Over 100 million Americans go boating each year. If you’re on the fence about buying a boat, there’s no time like the present to pull the trigger.
There’s more to choosing a boat than picking the first one you see and test drive. You need to equip yourself with the best boat buying tips to prevent buying a lemon.
Keep reading to find our tips for boat buying to get you out on the water faster.
1. Decide On What Type of Boat
Before you can start boat shopping, you need to decide what kind of boating you want to do. There are several questions you can ask yourself to determine what kind of boating you’re most interested in.
Where are you going to be using your boat? Freshwater and saltwater boating are two very different boat styles.
What kinds of activities will you be doing in your boat? Your boating personality will determine the style and size of the boat you should consider.
Sailboats are great for relaxing weekend afternoons or racing. Pontoons are versatile boats great for day cruising, lounging, and watersports. A fishing boat is lightweight, easy to transport, and is the clear pick for anglers.
How do you plan to store and transport your boat? Do you want something that’s small and easy to tow? Or will you be docking it somewhere full-time?
2. Determine Your Budget
Once you know what type of boat you want, start looking at your finances to see what’s realistic. Start scouring websites to compare models and prices.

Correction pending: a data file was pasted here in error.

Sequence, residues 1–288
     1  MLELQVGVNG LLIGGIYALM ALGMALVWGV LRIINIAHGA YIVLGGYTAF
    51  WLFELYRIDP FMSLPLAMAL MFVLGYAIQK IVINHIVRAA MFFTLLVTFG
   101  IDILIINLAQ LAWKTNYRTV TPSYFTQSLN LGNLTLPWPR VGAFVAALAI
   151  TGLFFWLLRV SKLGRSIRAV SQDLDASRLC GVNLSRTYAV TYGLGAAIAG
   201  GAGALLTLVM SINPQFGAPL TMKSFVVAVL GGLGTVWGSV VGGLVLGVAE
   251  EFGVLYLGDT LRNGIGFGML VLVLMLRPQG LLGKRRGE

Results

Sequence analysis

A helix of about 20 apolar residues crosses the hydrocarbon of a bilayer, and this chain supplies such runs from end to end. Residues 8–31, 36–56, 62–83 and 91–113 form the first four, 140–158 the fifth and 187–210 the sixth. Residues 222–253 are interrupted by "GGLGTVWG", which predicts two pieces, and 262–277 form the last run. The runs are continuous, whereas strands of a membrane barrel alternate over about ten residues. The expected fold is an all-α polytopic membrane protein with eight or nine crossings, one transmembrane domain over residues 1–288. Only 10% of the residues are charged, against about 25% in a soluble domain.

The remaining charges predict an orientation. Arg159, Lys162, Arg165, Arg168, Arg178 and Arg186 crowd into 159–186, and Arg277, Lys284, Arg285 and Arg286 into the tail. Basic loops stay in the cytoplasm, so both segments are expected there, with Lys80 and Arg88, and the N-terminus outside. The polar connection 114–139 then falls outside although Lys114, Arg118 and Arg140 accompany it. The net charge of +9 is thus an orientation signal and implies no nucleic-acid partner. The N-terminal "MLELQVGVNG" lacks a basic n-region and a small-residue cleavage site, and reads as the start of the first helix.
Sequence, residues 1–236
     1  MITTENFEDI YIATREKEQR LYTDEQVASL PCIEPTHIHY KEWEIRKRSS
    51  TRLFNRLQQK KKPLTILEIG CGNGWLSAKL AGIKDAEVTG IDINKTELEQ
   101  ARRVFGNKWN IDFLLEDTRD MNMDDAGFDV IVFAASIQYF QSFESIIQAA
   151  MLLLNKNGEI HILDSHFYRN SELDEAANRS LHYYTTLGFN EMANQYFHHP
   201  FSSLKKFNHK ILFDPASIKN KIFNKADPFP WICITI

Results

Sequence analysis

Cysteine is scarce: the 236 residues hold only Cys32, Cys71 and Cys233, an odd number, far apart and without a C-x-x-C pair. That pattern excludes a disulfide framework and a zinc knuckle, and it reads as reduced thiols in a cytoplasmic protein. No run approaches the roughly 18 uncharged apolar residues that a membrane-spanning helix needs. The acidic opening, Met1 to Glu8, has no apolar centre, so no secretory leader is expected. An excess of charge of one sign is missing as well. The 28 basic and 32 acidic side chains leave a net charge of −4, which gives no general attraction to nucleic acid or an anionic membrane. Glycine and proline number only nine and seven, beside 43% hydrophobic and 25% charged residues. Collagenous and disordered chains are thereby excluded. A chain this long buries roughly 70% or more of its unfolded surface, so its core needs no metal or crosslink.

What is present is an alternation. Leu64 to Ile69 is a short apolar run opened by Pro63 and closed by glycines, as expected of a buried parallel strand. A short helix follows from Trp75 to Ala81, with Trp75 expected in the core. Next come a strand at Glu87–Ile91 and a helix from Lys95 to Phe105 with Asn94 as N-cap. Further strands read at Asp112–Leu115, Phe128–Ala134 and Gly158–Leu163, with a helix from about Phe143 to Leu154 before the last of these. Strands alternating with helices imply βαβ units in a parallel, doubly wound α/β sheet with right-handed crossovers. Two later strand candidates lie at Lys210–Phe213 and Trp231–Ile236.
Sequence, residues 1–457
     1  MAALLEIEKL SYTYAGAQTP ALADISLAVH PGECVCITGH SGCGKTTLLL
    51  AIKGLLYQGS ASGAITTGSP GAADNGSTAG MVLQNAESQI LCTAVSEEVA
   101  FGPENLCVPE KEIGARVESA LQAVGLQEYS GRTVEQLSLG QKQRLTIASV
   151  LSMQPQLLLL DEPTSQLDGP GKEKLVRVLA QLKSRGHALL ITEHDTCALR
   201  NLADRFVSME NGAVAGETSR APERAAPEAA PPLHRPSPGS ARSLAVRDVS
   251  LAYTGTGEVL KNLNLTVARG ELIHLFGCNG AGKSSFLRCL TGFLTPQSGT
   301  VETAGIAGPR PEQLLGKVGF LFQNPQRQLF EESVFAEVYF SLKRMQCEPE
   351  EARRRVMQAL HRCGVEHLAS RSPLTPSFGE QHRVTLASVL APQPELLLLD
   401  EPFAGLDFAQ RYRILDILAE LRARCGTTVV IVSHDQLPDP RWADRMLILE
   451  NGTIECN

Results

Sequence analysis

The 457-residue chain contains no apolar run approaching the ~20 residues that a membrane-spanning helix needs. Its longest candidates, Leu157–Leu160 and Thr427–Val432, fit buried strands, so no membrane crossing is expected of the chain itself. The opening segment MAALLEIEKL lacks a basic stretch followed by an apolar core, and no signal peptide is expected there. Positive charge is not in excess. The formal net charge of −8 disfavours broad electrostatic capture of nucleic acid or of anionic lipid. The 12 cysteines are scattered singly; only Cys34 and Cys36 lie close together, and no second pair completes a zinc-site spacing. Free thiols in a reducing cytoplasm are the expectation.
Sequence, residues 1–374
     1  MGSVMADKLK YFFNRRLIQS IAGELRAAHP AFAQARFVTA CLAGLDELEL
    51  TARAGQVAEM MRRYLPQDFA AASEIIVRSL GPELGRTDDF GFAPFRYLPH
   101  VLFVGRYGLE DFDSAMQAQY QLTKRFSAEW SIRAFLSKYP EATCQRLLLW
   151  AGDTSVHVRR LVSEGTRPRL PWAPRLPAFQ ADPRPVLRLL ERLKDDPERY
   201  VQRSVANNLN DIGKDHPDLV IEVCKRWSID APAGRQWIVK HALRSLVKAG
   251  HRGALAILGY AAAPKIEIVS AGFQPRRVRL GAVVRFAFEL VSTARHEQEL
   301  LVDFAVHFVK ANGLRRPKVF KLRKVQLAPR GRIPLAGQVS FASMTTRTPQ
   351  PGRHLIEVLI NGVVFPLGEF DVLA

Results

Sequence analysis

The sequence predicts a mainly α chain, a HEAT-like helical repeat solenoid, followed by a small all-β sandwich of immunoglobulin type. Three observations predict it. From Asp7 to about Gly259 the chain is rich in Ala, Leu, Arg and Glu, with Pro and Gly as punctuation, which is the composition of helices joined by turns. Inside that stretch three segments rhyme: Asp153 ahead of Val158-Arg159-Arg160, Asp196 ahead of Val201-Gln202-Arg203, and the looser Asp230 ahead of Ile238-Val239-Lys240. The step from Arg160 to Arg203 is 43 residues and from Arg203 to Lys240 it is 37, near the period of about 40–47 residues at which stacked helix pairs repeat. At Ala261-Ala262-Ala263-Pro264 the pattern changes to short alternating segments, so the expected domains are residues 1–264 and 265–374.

If your eyes are bigger than your budget, you might want to buy a used boat.
A used boat will save you a lot of money upfront, but it doesn’t come without risks. There are many variables at play so make sure you’re buying from a reputable seller.
Buying second-hand from a dealer might provide some peace of mind versus buying from an individual. You can read online reviews of the dealership beforehand to determine if the company is legit.
3. Schedule a Viewing
You wouldn’t buy a car without taking it for a test drive. The same rules apply to buying a boat, whether it’s secondhand or new.
Look for obvious signs of wear and tear. In older boats, things like rot and mildew can cause serious problems.
Signs of watermarks within the cabin could indicate a leaking hull. Is there excess moisture and mustiness in the cabin? You’ll need something like moisture absorber bags to purify the air.
An exterior inspection is essential, too. Look at the outer hull for any signs of damage like marks on the front which could indicate a hard grounding event.
Ask yourself how much work you’re willing to put into your boat if it needs some repairs.
Finally, you’ll need to it for a test drive on the water to see if you enjoy how it rides. Is the throttle touchy? How does the boat do in reverse and neutral?
As you’re driving, pay attention to how it speeds up, slows down, and turns.
Buying a Boat Made Easy
Buying a boat is a big deal, but with our checklist above, it shouldn’t be difficult. Give yourself plenty of time to weigh your options and shop around for the best deal.
To read more on topics like this, check out the Vacation category